The combined chemical and biological profiling approach uses many standard techniques in food science research labs. What is unique here is the biological resource in Nigel’s unique feijoa varieties, and in the unbiased statistical approach used to link the disparate observed biological activities and chemical profiles.
The feijoa project commenced with the testing of 16 cultivars supplied by Nigel (3 commercial cultivars and 13 unique to Nigel). Pulp and skin was taken from each cultivar, resulting in 32 samples. Each sample is then further refined, with chemicals extracted using solvents and prepped for testing.
Rob has utilised gas chromatography to profile the chemical compounds found in the cultivars. “Our premise is that chemical novelty equates to bioactive novelty as irrelevant metabolites are bred out through natural selection.”
Chemical profiling is used because all feijoa cultivars are genetically very similar and there’s a high probability that a bioactive profile will be about subtle variations in the amount of the chemical compounds within the fruit – so a chemical profile can better identify a unique compound and the amount of it present. Also genetic testing is costly and is simply not feasible on a project that is not currently funded.
The Gas Chromatograph-Mass spectrometer (GCMS) compares the chemical profiles within the cultivar sample to hundreds of thousands of identified compounds within an existing database. They use databases that have many compounds. They’re looking for the differences in the profiles between each cultivar in terms of the types and amounts of each compound.
At the same time, PhD student Mona Mokhtari also profiles the anti-fungal activity of the peel and pulps of each cultivar, to see which varietal has the highest bioactivity. She then uses advanced statistics to guide which chemicals in the GCMS profile seem to correlate the best to the observed differences in feijoa antifungal bioactivity.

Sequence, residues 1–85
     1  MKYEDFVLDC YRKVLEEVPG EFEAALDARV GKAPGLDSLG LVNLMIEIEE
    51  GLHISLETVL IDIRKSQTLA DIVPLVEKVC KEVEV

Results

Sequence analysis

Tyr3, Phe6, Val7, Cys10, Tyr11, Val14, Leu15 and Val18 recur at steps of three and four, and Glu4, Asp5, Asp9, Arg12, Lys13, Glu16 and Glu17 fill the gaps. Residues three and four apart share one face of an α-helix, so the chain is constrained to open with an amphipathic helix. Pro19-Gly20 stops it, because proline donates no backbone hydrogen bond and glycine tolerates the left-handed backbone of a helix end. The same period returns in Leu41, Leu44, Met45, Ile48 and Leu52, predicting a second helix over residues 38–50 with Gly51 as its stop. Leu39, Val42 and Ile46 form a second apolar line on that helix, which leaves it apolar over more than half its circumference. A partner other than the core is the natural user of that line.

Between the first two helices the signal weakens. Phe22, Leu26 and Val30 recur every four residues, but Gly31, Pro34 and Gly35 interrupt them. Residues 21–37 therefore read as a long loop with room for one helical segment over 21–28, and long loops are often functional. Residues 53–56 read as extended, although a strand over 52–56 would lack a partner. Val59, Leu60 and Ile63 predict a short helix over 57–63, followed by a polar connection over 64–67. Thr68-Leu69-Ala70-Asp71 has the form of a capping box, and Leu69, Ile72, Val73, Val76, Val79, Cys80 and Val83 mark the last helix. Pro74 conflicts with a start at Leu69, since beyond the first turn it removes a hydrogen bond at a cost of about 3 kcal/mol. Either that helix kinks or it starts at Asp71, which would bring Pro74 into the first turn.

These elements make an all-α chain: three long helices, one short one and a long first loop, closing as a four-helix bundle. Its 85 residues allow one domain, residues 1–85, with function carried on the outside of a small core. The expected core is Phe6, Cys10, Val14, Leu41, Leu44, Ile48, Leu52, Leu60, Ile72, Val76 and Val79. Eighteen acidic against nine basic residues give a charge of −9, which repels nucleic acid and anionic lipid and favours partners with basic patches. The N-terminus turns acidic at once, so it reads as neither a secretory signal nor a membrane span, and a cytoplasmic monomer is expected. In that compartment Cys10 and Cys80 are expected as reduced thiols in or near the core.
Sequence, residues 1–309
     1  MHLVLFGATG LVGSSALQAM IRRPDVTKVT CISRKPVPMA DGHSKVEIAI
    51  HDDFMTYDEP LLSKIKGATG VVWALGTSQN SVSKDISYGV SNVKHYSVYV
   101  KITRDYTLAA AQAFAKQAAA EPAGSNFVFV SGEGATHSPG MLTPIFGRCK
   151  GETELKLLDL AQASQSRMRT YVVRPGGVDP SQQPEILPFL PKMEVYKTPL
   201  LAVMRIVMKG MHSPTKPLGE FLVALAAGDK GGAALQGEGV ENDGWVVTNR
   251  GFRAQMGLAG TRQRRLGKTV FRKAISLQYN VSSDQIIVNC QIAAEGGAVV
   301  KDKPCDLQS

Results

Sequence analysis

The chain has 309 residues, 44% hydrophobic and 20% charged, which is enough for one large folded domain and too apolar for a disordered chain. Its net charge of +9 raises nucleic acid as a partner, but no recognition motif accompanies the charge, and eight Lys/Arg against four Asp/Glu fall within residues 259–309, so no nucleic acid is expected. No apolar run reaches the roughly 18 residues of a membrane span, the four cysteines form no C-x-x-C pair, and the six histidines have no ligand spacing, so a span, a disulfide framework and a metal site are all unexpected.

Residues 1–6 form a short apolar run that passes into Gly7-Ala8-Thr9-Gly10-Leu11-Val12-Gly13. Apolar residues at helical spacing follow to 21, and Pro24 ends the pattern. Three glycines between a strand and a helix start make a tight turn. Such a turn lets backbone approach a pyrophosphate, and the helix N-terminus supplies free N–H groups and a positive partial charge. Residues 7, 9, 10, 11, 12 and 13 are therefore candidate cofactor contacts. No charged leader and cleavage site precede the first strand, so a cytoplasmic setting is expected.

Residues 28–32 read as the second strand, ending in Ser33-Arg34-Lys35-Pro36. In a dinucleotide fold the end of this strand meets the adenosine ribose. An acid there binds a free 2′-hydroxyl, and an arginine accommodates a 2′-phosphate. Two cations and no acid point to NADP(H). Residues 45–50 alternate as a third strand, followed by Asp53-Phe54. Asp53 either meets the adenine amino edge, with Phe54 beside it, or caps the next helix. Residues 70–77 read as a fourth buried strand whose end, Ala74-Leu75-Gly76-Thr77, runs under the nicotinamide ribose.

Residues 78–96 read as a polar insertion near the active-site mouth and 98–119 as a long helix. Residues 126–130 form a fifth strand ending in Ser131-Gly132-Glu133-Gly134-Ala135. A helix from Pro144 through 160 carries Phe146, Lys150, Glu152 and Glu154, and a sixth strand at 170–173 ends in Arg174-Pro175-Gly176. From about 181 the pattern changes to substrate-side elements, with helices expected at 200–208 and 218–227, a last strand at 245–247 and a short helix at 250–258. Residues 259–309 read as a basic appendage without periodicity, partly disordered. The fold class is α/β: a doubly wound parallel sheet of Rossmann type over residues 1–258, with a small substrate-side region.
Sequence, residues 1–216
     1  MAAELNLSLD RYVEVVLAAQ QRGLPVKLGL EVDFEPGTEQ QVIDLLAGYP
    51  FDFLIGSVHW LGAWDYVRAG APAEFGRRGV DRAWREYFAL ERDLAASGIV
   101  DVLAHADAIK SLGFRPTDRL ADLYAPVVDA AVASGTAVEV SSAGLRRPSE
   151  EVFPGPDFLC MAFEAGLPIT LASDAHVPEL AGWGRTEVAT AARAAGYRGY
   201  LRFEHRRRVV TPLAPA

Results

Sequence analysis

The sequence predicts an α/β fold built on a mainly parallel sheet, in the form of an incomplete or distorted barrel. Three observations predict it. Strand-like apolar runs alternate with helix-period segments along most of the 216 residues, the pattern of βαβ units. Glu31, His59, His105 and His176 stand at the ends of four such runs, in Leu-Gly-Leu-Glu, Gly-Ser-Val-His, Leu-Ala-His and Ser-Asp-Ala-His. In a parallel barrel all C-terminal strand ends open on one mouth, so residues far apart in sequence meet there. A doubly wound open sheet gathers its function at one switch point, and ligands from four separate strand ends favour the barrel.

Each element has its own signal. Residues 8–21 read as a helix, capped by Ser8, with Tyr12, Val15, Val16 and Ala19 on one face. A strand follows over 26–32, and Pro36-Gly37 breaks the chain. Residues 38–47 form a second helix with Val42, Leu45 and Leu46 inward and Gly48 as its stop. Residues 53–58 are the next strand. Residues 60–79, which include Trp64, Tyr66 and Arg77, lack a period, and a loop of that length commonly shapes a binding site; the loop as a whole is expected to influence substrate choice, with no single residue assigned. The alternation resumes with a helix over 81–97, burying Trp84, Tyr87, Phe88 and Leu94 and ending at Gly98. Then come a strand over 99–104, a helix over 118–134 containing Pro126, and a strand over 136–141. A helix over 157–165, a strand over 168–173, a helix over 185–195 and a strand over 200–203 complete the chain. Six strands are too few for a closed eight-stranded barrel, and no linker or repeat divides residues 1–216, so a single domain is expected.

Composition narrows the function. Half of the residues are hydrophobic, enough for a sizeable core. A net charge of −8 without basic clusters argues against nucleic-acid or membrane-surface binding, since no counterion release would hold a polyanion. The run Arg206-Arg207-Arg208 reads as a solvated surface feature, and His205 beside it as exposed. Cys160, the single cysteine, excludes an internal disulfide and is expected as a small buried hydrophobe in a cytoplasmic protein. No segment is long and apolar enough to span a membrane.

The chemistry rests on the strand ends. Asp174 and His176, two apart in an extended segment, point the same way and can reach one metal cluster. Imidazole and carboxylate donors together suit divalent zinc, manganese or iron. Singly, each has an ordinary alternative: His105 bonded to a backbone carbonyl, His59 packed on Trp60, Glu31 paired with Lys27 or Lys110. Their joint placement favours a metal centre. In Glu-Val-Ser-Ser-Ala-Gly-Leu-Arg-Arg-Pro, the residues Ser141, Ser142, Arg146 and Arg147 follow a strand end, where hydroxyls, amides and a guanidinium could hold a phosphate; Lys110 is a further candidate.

In Andrew’s lab, they’re quantifying the anti-fungal activities of the cultivars’ compounds using laboratory strains of yeast. It should be noted that fungi like all microbes, build up a resistance to anti-fungal agents. Science is thus seeking new anti-fungals. Using the laboratory yeast strains, it can be determined if the antifungal activity is being achieved via an already established antifungal pathway or a potentially novel antifungal pathway.
At this stage all 16 cultivars have tested positive with anti-fungal activity.
One cultivar unique to Nigel has been identified as having the most anti- fungal properties. The cultivar is a very edible one, albeit with a very short shelf life. For Nigel, he has a proof of concept – that he can and is producing varieties with certain properties that differentiate them from the standard mainstream cultivars in NZ.
PhD student Mona Mokhtari is working with Andrew and Rob across the School of Biology and the School of Chemistry to undertake her thesis “A functional genomics approach to the mode of action of bioactives derived from feijoa”. Mona carries out all of the lab work for this project.